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Researchers discover titanium oxide nanoparticle that recognizes SARS-CoV-2’s non-structural protein 1

A pioneering study, released as a preprint on the bioRxiv* server, reports on the interaction of a tailored titanium oxide nanoparticle (NP) with the full-length severe acute respiratory syndrome coronavirus 2 (SARS-CoV-2) non-structural protein 1 (nsp1). This should be of value in developing new therapeutic tools against coronaviruses that act by targeting their proteins. It could also help map the structure of activated proteins.

Study: Site-specific recognition of SARS-CoV-2 nsp1 protein with a tailored titanium dioxide nanoparticle. Image Credit: Kateryna Kon / Shutterstock


The SARS-CoV-2 is a betacoronavirus with a single-stranded ribonucleic acid (RNA) genome of 30 kB length. This generates two large polyproteins that are cleaved to yield non-structural proteins, named nsp1 to nsp16, via the proteases encoded within it.

The structural proteins are essential for viral replication, as part of the replication-transcription complex, as well as bringing about the intracellular environment necessary for efficient replication. Among them, nsp1 is implicated in viral pathogenesis.

Nsp1 inhibits host protein synthesis and causes cellular messenger RNAs to break down, thus promoting viral immune escape. Its role in viral replication is unquestionable, though the mechanism is unclear.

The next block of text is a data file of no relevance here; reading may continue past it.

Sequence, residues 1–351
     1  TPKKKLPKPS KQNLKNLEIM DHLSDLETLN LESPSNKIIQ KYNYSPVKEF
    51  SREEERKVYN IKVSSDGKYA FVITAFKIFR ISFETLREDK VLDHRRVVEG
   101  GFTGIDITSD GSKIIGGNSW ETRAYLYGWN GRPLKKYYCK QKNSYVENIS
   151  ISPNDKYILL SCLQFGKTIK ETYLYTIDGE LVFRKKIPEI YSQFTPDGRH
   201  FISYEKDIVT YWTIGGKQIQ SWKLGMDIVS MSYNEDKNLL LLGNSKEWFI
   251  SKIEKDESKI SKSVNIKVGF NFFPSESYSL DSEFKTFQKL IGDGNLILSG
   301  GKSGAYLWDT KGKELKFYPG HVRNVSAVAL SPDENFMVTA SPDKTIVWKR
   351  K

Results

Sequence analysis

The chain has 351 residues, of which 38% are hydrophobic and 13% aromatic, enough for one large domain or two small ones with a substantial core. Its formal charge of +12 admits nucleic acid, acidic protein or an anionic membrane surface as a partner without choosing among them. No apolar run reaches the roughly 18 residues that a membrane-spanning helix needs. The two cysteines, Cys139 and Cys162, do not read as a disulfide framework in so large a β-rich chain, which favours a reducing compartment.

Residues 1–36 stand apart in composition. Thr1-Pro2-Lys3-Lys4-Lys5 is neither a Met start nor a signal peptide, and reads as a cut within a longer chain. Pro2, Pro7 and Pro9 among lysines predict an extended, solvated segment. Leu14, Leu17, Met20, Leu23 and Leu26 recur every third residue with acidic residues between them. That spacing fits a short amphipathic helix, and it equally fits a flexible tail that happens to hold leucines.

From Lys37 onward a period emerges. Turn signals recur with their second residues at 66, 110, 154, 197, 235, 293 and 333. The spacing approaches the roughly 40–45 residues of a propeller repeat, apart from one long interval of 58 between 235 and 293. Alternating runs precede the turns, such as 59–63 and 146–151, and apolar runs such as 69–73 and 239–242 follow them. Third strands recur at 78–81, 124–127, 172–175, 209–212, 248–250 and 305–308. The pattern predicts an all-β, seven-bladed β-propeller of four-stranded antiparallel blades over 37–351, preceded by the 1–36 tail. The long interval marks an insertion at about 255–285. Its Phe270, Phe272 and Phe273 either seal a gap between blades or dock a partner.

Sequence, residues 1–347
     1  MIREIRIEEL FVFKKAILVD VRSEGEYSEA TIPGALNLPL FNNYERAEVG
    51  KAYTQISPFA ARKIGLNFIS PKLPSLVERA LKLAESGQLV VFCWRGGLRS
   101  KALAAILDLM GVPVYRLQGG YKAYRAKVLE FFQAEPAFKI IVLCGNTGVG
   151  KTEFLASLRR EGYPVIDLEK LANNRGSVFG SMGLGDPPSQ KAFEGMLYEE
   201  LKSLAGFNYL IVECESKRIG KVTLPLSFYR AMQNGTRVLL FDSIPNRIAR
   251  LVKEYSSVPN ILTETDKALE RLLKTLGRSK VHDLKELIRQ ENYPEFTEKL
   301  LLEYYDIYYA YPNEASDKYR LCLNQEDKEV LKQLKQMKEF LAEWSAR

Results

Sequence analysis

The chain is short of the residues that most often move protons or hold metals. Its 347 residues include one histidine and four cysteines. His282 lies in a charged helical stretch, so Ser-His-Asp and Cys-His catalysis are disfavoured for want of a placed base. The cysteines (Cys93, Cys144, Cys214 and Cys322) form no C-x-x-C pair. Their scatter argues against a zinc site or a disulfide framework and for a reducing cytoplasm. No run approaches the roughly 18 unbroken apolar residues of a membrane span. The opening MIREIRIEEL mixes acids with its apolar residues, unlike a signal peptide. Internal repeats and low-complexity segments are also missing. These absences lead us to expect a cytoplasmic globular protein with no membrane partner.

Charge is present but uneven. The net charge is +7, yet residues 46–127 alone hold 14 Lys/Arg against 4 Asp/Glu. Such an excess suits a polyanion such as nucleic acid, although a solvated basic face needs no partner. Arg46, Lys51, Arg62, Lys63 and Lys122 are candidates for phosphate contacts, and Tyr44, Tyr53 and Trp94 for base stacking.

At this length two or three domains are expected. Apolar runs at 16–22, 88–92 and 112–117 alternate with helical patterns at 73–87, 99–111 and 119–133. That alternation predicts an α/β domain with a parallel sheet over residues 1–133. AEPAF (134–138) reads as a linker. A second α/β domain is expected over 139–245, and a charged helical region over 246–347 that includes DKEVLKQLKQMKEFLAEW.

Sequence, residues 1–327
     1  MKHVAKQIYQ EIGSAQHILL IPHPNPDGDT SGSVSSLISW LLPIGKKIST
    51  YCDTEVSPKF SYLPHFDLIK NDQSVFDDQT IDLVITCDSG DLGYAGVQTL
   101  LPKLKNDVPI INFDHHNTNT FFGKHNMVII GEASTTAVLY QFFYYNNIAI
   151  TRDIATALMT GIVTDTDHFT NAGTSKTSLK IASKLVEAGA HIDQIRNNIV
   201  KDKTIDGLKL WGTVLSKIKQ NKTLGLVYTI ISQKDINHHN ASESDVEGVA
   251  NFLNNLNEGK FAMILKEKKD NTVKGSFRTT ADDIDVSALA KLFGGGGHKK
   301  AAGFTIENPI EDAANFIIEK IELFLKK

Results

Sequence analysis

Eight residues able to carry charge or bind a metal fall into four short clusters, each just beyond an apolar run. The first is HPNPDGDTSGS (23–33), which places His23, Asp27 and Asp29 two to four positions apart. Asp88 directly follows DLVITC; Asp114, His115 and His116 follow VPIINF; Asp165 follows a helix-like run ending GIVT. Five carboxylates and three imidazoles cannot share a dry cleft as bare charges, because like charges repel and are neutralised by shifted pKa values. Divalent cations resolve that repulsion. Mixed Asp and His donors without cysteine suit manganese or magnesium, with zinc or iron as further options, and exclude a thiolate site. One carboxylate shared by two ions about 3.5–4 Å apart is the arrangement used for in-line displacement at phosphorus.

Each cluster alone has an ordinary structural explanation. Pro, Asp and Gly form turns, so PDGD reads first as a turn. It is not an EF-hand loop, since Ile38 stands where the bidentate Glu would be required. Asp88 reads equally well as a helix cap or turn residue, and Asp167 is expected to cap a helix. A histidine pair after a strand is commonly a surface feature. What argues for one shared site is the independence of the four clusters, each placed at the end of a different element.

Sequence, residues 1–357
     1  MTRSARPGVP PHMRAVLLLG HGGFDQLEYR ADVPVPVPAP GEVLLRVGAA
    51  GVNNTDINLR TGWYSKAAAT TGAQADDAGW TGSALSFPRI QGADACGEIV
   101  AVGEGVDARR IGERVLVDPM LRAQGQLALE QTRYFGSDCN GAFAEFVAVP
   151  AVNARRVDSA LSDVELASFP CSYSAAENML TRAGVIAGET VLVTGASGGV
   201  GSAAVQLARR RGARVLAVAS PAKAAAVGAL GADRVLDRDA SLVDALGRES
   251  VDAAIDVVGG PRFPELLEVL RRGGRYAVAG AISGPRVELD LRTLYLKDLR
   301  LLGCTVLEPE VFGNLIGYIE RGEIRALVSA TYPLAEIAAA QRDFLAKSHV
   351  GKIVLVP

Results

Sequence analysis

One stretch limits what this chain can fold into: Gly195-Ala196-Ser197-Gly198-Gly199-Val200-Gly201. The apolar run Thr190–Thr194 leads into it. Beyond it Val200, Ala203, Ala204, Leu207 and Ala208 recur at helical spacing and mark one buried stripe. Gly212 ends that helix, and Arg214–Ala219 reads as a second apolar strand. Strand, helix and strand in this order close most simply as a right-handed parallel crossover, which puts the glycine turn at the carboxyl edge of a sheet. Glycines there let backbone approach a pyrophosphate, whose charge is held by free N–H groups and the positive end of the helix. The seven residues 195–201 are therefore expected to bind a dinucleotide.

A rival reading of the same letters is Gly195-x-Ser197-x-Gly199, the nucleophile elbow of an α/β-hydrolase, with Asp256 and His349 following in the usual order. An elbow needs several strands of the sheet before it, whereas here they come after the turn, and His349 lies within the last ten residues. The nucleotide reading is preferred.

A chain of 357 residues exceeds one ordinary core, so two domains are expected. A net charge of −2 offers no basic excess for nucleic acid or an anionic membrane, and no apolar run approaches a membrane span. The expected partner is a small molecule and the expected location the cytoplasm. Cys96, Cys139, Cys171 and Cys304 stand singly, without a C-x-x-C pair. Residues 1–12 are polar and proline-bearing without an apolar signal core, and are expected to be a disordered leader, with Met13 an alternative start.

These characteristics have made it a promising target for anti-SARS-CoV-2 therapies. Structurally it is a small protein with one α-helix, β-sheets, turns and one short and one long disordered domain.  

Metal oxide nanoparticles

Metal oxide nanoparticles (NPs) are composed of minerals commonly found in the sand, leached into ground water, springs and streams. They have chemically reactive surfaces, catalyzing redox reactions, particularly when exposed to sunlight.

They also react with biomolecules, and in particular proteins. For this reason, NPs are rarely seen as such in vivo. Rather, larger NPs are assembled with protein molecules on their surfaces, while smaller NPs bind to protein fragments specifically, depending on their size and chemical composition.